Dear Sports Doc,
In the days after running a marathon, half marathon, or similar distance race, I am sore for a few days. Is there a difference between delayed onset muscle soreness (DOMS) and rhabdomyolysis? How can I be sure to recover properly in the days following a race?
Can you discuss some recovery techniques?
Good questions for the week of Thanksgiving when many may be trying to run off some extra calories.
Delayed onset muscle soreness (DOMS) is thought to be caused by overstretching of the muscle fibers following “unaccustomed” and/or eccentric exercise like a marathon or half marathon race. The pain and stiffness usually occurs 1-3 days after the event. It is not associated with severe muscle damage and usually goes away within a week. In contrast, rhabdomyolysis is breakdown of the cell walls and leaking of cell content into the vascular system. This is found by measuring the creatine kinase (CK) enzyme levels in the blood. If the muscle cells also leak myoglobin, the kidneys can be “clogged” causing renal failure. This most often occurs with heat stroke or with sickle cell trait crisis, but some people seem to be genetically susceptible to rhabdo with high exercise loads or with heat exposure. There are reports of rhabdomyolysis occurring with the use of anti-inflammatory medication like ibuprofen and naproxen during marathons and ultra’s; this is the reason few medical teams stock NSAIDs in the medical kits. So most everyone has some DOMS after a marathon, most will also have a rise in CK levels; however very few get rhabdomyolysis.
The key to marathon recovery is time. Much more time than many are willing to take away from running. Running a marathon damages cells to some degree, especially in the muscle. Letting muscles heal is a major part of recovery. Some recent literature implies that the heart muscle might also sustain some “damage,” so recovery may be more than just resting the legs. I do not think we have a perfect answer for how long to refrain from running after race day, but somewhere in the 7-14 day range is probably adequate. The most common concern is loss of fitness, but there is little loss of conditioning in the couple of weeks you take off to recover and you will be better a couple of months down the road if you invest in a solid recovery program. If you train year around, this would be a good time for your “month off” from training.
There are likely three phases in marathon race recovery: immediate post-race, one day post-race through day 7-14 (DOMS days), and ramping up toward your regular training runs. In the immediate post-race phase, get into warm clothes if it is cool, walk 15-20 minutes to keep the blood flowing and help reduce the metabolic waste removal. Replace fluids with recovery drinks like chocolate milk and eat your favorite foods to begin the process of replenishing the glycogen stores and providing the nutritional building blocks to restore damaged cells. Some people swear by an ice bath following the run, but I am not sure there is a lot of science to back up the practice. Water coming out of the cold water tap may be cool enough to accomplish muscle cooling, if that is your goal. Make sure you are able to move around well and your blood flow is good before you take a hot shower as the vasodilatation of your skin blood vessels may “steal” blood from your central circulation and cause lightheadedness or collapse.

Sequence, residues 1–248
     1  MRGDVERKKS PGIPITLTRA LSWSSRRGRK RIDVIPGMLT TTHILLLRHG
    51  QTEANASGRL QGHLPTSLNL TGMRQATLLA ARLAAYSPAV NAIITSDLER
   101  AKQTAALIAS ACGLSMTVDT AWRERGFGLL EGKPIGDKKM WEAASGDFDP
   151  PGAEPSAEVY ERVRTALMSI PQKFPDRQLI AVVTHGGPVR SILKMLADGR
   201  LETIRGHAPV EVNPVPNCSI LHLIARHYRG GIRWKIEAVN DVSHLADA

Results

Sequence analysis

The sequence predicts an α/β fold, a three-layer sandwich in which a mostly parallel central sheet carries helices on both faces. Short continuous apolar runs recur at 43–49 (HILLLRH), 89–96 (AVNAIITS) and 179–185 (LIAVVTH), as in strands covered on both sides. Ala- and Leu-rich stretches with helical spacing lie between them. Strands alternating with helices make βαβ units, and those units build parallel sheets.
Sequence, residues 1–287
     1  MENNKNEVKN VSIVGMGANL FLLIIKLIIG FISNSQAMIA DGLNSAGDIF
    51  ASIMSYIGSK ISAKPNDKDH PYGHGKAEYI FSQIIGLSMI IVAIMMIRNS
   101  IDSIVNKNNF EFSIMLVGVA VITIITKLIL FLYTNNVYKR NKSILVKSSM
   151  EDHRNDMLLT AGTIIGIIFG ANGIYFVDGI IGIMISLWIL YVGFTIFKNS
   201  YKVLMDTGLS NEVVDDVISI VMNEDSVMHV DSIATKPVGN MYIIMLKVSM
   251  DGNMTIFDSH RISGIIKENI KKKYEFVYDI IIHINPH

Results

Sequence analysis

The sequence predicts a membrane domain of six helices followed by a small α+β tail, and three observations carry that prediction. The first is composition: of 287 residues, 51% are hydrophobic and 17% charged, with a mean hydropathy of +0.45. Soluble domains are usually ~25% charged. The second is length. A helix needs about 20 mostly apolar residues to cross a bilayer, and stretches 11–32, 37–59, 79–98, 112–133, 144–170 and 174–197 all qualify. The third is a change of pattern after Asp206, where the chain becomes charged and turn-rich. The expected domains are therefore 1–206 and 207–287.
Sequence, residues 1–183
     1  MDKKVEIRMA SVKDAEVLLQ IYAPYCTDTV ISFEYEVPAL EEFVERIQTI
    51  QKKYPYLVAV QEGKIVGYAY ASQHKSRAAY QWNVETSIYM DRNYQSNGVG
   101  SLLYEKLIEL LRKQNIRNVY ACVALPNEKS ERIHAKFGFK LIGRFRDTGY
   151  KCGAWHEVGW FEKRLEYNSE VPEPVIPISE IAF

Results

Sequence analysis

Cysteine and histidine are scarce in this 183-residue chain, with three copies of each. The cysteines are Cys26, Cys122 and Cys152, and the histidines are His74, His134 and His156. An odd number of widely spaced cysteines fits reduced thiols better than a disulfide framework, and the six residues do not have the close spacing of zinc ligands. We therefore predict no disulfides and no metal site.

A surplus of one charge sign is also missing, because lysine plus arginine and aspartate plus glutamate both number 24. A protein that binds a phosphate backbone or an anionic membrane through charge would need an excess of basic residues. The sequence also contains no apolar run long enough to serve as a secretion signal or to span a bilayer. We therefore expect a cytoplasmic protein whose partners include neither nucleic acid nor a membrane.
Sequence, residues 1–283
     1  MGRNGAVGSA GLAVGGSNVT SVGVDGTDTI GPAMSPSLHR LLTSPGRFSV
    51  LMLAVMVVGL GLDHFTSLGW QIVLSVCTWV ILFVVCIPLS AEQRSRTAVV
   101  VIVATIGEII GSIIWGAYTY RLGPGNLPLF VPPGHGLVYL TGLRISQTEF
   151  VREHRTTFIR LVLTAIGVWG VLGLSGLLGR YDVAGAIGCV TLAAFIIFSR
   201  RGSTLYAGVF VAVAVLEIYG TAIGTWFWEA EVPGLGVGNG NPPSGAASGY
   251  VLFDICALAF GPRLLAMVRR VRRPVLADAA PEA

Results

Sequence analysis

Days 1-14 should focus on rest early and gradual return to some running late in the phase. Looking at different expert return protocols, it is difficult to say what the ideal return would look like, but it likely varies from person to person. The first few days should be mostly rest and some light walking and near the end of the time block, some low intensity, short duration running may be OK. You really have to listen to your body and hold back if you are still having muscle soreness as you advance through this period of relative rest. Eat well during this phase to ensure your body has the nutrients to rebuild tissues damaged during the run. A hot tub or warm water soak may relieve some of the muscle stiffness you feel in the early days following the race.
After day 14, start a 2 to 4 week gradual increase in your weekly mileage and long runs to your baseline training level. If you have muscle pain, back off to the last pain free level and wait a few days to increase your training volume. Your race pace for shorter distances will be off for a bit while you reboot your muscle memory and retrain your legs for shorter and faster runs.
For most of us running is a hobby and is mainly for health and fitness. From a health perspective, you are best to advance slowly after a marathon run to allow your body to heal completely and to avoid injury from running in a “hobbled” state.
I hope this helps.